where n 2 is the Kerr coefficient and λ is the optical wavelength. Fig. 6 (a) shows the transmission as a function of normalized power for varying nonlinear FOM. For low values of the nonlinear FOM this results in saturation type behaviour. Fig. 6(b) shows the FOM as a function of nonlinear transmission for a device requiring a total nonlinear phase shift of π rad . From this example, it is apparent that a nonlinear FOM of >2 is required to ensure less than 20% transmission loss. Assuming that linear propagation losses are low, the goal for third-order nonlinear materials is then to maximize the Kerr coefficient while minimizing the effect of TPA .
Apart from modifying the device transmission behaviour, TPA also reduces the spectral broadening that occurs through SPM and XPM. Fig. 7 shows the typically SPM spectral response of an intense pulse propagating through a medium (a) without TPA and (b) with TPA corresponding to FOM=0.5. Essentially the additional loss reduces the effective interaction length, thus reducing the total nonlinear phase shift.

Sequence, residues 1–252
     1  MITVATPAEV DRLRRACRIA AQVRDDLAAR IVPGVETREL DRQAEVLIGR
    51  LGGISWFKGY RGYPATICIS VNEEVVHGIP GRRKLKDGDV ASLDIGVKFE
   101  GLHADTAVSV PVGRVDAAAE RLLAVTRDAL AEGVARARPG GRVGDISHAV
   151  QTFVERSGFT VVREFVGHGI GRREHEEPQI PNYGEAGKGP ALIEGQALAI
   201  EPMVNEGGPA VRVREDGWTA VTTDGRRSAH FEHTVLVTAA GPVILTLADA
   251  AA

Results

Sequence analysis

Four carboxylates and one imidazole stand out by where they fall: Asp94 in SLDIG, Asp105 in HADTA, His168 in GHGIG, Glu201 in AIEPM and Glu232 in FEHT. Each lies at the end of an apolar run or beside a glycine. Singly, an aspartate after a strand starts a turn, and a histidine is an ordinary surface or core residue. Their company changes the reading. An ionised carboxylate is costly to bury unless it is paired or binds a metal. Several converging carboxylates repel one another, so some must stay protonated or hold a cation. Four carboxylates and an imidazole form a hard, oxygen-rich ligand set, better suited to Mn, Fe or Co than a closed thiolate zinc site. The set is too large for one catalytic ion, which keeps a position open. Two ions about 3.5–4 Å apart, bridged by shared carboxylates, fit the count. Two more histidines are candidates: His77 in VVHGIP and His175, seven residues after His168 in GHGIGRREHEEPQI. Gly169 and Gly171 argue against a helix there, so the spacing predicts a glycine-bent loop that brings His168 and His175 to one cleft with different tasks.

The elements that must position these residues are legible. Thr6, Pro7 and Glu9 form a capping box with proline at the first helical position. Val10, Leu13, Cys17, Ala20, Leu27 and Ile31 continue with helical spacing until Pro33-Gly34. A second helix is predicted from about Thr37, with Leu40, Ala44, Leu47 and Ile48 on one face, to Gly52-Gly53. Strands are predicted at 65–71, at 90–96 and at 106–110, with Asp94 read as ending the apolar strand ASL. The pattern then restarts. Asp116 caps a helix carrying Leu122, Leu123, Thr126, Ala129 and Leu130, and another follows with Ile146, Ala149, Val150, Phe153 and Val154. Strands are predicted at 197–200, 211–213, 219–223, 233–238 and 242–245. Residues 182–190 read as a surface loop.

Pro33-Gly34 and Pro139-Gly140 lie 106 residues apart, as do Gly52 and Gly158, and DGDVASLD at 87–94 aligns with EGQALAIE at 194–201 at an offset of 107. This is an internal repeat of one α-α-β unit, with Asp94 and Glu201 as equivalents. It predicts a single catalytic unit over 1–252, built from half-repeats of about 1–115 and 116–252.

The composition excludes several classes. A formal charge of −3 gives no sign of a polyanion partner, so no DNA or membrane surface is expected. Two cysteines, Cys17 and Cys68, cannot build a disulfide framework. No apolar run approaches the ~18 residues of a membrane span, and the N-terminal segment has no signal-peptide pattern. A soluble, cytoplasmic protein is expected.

As amorphous materials (e.g. glasses) do not exhibit a clearly defined band-edge, finite two-photon absorption is expected even at wavelengths longer than the half band-gap energy . The purity of the glass largely determines the tail of the absorption edge, and thereby also strongly affects the level of two-photon absorption . As chalcogenide glasses generally have a band gap that falls in the visible region of the electromagnetic spectrum, they tend to exhibit low to occasionally moderate levels of TPA at C-band communication wavelengths. The FOM of As2S3 and As2Se3 is >10 and ~2 in the near infrared [19, 54]. For comparison, silica having a band-edge in the UV, does not exhibit two-photon absorption near infrared wavelengths, while the FOM of silicon is ~0.4 [57-59]. Table 1 shows a comparison of the nonlinear index, two photon absorption coefficient and nonlinear FOM for several third-order nonlinear materials.